Entanglement is monogamous. Bob is frustrated to find that he cannot be fully entangled with both Alice and Carrie.

This got a big laugh. But I used the same slide in a talk at the APS Denver meeting the following week (at a session celebrating the 100th anniversary of Niels Bohr’s atomic model), and a young woman came up to me after that talk to complain. She suggested that my monogamy metaphor was offensive and might discourage women from entering the field!

After discussing the issue with Roberta, I decided to address the problem by swapping the gender roles. The next day, during the question period following Stephen Hawking’s Public Lecture, I spoke about Betty’s frustration over her inability to entangle fully with both Adam and Charlie. But is that really an improvement, or does it reflect negatively on Betty’s morals? I would appreciate advice about this quandary in the comments.

In case you watch the video, there are a couple of things you should know. First, in his introduction, Tom Soifer quotes from a poem about me, but neglects to name the poet. It is former Caltech postdoc Patrick Hayden. And second, toward the end of the lecture I talk about some IQIM outreach activities, but neglect to name our Outreach Director Spiros Michalakis, without whose visionary leadership these things would not have happened.

The most touching feedback I received came from my Caltech colleague Oskar Painter. I joked in the lecture about how mild mannered IQIM scientists can unleash the superpower of quantum information at a moment’s notice.

Mild mannered professor unleashes the super power of quantum information.

Mild mannered professor unleashes the superpower of quantum information.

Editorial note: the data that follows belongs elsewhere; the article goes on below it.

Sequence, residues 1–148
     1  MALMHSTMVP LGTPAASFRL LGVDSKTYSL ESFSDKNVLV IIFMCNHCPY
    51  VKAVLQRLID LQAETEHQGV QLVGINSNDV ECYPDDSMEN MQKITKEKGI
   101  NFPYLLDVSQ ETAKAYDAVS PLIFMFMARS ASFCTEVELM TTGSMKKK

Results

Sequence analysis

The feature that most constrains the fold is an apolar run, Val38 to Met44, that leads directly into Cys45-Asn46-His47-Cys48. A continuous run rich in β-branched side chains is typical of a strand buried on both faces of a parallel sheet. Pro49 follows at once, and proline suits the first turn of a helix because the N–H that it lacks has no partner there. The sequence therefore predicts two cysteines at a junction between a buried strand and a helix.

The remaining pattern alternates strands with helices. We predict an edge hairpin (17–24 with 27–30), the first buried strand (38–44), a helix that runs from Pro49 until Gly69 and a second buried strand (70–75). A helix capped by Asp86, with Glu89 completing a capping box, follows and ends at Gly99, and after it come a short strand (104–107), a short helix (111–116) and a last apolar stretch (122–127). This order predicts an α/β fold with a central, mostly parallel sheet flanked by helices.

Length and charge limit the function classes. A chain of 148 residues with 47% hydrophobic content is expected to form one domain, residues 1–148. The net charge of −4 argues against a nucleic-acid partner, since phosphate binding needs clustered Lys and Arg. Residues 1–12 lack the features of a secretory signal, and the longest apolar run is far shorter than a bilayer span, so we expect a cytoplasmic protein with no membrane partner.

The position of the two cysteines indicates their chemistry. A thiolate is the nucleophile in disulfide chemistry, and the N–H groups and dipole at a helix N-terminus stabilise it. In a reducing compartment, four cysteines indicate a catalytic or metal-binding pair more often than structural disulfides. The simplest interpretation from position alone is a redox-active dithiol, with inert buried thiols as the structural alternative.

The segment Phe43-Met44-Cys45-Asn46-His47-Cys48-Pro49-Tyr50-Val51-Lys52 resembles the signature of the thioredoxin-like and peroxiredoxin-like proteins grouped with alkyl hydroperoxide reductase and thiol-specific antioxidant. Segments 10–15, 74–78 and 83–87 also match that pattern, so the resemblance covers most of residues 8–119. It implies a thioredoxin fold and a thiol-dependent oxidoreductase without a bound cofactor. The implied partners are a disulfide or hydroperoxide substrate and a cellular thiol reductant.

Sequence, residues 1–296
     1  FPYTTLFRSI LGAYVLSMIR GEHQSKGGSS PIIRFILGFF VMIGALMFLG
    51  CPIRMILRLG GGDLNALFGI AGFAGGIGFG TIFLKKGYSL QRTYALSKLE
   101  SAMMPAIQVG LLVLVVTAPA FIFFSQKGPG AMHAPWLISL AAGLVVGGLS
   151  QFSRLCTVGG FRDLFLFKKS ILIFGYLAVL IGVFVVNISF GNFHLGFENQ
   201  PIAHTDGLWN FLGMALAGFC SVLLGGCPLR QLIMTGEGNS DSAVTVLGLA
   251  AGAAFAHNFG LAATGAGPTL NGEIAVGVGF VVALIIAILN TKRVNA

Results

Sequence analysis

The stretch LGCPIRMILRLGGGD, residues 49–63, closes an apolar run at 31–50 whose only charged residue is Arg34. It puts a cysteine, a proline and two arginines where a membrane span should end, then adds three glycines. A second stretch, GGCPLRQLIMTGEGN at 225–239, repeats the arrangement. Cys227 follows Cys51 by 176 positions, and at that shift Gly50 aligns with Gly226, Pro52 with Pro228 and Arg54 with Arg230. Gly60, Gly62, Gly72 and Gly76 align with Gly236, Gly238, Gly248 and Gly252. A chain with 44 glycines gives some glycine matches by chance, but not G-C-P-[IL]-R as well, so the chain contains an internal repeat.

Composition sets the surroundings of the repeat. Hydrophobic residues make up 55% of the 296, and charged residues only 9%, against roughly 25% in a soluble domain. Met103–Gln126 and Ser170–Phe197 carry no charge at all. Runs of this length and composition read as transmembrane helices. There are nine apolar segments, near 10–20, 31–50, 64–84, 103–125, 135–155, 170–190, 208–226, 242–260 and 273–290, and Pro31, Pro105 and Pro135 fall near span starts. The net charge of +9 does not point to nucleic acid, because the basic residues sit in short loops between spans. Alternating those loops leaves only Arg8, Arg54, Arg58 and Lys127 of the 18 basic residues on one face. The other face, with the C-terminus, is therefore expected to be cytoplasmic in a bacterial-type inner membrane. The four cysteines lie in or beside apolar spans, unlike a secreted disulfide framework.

After watching the video, Oskar shot me an email:

“I sent a link to my son [Ewan, age 11] and daughter [Quinn, age 9], and they each watched it from beginning to end on their iPads, without interruption.  Afterwards, they had a huge number of questions for me, and were dreaming of all sorts of “quantum super powers” they imagined for the future.”

Introduction to Quantum Information

First slide, viewed on my laptop.

First slide, viewed on my laptop.

I’m lazy. The only reason I ever do anything is that sometimes in a weak moment I agree to do something, and after that I don’t have the nerve to back out. And that’s how I happened to give the introductory lectures leading off the 12th Canadian Summer School on Quantum Information last June.

The video of the lectures recently became available on YouTube in two one-hour segments, which is my reason for posting about them now:

Here are the slides I used. The school is pitched at beginning graduate students who have a solid background in quantum mechanics but may not be very familiar with quantum information concepts.

Andrew Childs, who knows my character flaws well, invited me to lecture at the school nearly a year in advance. Undaunted by my silence, he kept resending the invitation at regular intervals to improve his chances of catching me on a weak day. Sure enough, feeling a twinge of guilt over blowing off David Poulin when he made the same request the year before, and with a haunting sense that I had refused to do something Andrew had asked me to do on an earlier occasion (though I can’t recall what), one day in September I said yes, feeling the inevitable stab of regret just seconds after pushing the Send button. I consoled myself with the thought that this could be a Valuable Service to the Community.